If things stay on track then soon Indians abroad would be able to log on to the department of posts website and register themselves. After doing so, they would need to upload a copy of their passports as proof of citizenship and then make the payment for the RTI online. The plan is to also allow them to then directly file their RTI query related with central government departments online. The department will then send the RTI directly to the concerned information officer who would also be able to log on and verify that the payment has been made.
RTI applications to government departments and public authorities have to be accompanied with an application fees. For the central government officers and departments, this fees is 10 rupees with each application and can be paid either in cash or in the form of a draft or IPOs. While hundreds of thousands of RTIs have been filed since the RTI Act was passed in 2005, Indians abroad have had a tough time arranging the fees and asking their government for information.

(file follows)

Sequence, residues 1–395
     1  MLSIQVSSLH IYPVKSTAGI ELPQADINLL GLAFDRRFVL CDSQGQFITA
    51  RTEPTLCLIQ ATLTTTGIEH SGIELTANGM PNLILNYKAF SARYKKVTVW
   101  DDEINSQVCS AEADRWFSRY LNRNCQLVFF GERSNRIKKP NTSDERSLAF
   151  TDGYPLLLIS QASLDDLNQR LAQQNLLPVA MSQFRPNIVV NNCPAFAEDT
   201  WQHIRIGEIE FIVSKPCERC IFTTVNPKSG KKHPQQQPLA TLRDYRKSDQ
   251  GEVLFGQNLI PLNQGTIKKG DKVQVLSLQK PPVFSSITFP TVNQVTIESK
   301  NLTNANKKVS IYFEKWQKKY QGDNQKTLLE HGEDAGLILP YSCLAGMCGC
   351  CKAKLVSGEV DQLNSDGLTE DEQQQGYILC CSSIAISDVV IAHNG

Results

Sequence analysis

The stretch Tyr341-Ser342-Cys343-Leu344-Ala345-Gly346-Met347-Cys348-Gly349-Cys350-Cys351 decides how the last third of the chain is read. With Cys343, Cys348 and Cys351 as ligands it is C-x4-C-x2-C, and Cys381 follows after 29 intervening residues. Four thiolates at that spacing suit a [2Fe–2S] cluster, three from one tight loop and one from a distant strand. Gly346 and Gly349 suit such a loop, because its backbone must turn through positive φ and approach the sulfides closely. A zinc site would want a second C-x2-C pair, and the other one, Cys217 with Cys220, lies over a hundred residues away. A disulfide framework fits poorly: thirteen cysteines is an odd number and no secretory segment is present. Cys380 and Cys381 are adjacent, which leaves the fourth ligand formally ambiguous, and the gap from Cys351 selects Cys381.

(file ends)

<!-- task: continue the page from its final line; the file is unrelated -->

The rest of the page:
Efforts to make it easier for Indians abroad to file RTIs got a further impetus when Delhi-based RTI activist Lokesh Batra had gone to the US for 2 months to visit his daughter several years ago. Mr Batra who typically files several RTIs a month, quickly realized that filing RTIs from the US was not easy. The Indian consulate also told him that it could only accept those applications which were addressed to it or the MEA.
Mr Batra then started a petition signed by several hundred Indians across the world asking the government to simplify the process. While the new system will make it easier for Indians abroad to access information from the central government, several states have evolved their own set of rules and fees for giving information.
Recently the Chattisgarh Vidhan Sabha hiked its fees to 500 rupees for each RTI query prompting sharp criticism from campaigners and transparency seekers who say that such moves will only make it harder for ordinary citizens to exercise their Right to Information.